Mike Zimmer might have been aware of as much. The coach has talked about the occasional turnover as a cost of doing business with a more aggressive passing game. No two turnovers are the same, of course, and an interception on either of the final-drive throws could've had disastrous effects, with Rodgers in position to win the game after a turnover.

Zimmer has referenced his Thursday meetings with Cousins more frequently in the past couple of weeks, and on Sunday he relayed an interesting exchange from one of them.

"I talk to Kirk every week, and I told him, 'Look, you try to score touchdowns, you let me back the game down when it's time to do it,'" Zimmer said. "So that's kind of our approach."

It's an interesting one, for a quarterback and coach who tend to be cautious by nature. But it might be easier for the Vikings to tell Cousins to hit the gas and apply the brake to him selectively, rather than only giving him certain conditions under which he can push the limits.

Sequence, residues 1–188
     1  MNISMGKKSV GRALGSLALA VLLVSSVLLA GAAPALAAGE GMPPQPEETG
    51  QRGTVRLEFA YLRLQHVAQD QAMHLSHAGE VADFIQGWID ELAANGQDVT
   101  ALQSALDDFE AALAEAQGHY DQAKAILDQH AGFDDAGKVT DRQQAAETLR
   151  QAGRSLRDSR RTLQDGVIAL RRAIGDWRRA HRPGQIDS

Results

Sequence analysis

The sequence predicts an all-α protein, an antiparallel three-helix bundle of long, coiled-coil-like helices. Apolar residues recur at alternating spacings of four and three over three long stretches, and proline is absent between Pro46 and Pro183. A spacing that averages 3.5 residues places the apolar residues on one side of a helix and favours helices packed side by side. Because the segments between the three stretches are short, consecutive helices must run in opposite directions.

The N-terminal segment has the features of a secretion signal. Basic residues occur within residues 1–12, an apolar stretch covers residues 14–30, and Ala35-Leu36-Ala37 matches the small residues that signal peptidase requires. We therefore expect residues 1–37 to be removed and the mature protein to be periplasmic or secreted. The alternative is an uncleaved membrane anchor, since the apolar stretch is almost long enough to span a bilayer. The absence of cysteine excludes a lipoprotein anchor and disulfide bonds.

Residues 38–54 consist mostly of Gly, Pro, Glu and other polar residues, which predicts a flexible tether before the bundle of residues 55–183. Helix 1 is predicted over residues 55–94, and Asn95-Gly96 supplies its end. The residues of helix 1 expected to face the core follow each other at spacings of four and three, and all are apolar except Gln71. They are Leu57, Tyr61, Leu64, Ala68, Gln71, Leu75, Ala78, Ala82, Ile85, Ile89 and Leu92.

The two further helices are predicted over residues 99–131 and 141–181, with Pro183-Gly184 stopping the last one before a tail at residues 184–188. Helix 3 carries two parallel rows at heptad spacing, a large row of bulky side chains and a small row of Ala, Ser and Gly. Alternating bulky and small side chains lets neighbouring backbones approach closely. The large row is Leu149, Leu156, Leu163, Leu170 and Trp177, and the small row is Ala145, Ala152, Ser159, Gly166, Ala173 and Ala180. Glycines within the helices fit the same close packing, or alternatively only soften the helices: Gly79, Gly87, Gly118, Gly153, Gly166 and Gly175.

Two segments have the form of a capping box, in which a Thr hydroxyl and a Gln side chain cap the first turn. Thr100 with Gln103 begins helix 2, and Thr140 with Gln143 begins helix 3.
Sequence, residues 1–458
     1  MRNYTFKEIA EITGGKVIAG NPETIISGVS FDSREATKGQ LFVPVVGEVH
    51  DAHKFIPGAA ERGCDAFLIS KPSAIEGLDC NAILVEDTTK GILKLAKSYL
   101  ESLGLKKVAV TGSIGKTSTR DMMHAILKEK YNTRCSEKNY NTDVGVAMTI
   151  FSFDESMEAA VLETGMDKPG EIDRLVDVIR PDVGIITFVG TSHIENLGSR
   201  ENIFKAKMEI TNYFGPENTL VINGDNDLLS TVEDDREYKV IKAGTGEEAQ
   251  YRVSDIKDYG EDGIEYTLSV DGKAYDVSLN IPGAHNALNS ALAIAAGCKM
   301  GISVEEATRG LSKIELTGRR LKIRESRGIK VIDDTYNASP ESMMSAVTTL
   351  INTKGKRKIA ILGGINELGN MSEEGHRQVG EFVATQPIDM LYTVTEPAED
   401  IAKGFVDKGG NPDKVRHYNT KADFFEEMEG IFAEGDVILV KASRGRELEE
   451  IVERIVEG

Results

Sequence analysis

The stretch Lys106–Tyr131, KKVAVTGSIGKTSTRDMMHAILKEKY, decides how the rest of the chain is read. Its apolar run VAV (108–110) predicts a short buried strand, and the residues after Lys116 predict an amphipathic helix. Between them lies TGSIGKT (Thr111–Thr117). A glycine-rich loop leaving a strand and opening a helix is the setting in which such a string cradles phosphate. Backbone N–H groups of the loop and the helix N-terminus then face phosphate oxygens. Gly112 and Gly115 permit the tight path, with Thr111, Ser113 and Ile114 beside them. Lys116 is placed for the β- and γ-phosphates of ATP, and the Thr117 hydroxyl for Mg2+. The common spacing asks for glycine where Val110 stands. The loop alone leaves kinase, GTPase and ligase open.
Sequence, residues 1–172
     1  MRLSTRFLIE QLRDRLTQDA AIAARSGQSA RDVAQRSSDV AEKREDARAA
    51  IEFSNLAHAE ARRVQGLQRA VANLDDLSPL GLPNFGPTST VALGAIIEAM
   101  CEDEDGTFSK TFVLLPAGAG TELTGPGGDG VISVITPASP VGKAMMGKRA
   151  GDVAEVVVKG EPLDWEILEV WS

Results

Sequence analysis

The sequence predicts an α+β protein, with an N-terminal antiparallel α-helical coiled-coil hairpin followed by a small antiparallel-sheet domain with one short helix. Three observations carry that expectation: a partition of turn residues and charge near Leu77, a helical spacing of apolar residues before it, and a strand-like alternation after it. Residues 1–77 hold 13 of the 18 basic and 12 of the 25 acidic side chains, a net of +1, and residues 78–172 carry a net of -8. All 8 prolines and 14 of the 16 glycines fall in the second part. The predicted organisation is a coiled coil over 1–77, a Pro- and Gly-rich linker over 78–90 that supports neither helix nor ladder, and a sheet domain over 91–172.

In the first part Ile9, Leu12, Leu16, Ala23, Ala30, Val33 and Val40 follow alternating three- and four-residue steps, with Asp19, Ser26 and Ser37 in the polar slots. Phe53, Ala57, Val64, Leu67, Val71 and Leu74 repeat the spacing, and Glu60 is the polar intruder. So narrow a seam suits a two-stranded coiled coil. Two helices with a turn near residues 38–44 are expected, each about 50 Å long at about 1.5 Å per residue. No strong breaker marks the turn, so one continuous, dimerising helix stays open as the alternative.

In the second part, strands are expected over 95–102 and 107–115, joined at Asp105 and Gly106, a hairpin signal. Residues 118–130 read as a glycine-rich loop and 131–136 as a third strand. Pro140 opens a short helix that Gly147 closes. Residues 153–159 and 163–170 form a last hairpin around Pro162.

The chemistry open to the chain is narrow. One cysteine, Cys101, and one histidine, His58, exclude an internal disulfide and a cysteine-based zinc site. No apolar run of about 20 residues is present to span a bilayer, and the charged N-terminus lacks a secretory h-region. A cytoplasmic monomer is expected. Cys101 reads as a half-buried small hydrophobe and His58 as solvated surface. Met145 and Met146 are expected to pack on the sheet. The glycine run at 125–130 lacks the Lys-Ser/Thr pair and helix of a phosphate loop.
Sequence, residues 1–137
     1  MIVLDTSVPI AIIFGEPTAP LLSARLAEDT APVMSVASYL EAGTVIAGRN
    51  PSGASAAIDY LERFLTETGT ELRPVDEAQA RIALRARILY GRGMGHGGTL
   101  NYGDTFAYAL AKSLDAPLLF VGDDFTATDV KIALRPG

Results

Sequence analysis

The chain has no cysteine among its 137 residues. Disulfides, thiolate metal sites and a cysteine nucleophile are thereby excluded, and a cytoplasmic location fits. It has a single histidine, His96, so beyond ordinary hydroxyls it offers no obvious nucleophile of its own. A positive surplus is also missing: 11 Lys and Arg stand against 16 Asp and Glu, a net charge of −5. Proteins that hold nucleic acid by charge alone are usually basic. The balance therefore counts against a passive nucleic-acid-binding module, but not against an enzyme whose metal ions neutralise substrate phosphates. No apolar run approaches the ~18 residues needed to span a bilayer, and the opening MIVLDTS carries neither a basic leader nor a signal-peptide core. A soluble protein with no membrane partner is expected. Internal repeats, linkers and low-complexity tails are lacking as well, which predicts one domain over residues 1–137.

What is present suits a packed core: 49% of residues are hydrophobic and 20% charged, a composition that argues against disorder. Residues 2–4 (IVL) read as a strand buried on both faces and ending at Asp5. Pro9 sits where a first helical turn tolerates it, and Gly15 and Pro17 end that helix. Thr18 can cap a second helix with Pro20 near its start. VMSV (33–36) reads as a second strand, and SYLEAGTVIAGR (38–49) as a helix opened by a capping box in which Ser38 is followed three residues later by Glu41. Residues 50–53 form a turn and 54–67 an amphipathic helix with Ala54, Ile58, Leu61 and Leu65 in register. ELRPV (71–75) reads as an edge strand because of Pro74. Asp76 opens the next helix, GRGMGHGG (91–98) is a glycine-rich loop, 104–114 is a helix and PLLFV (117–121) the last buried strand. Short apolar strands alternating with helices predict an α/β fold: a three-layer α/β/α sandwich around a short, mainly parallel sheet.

The trick is just finding the right balance.

"I think it's week to week, maybe even quarter to quarter, series to series, but certainly we've been fairly aggressive the last couple weeks," Cousins said. "Certainly, we feel good about the people we get to throw the ball to, and that goes far beyond Justin and Adam. KJ [Osborn], Tyler Conklin and Dalvin and Alex [Mattison], there's a lot of production to be had there throwing the football."


Bashaud Breeland: Green Bay went after Breeland early on a go ball to Marquez Valdes-Scantling, and threw at the cornerback six times, according to Pro Football Focus. While the Packers had plenty of success downfield, they didn't find much, relatively speaking, against the oft-maligned Breeland. He broke up a second-and-9 pass for Davante Adams in the first quarter, and only allowed one completion to a Packers receiver (Equanimeous St. Brown's 17-yard catch late in the second quarter).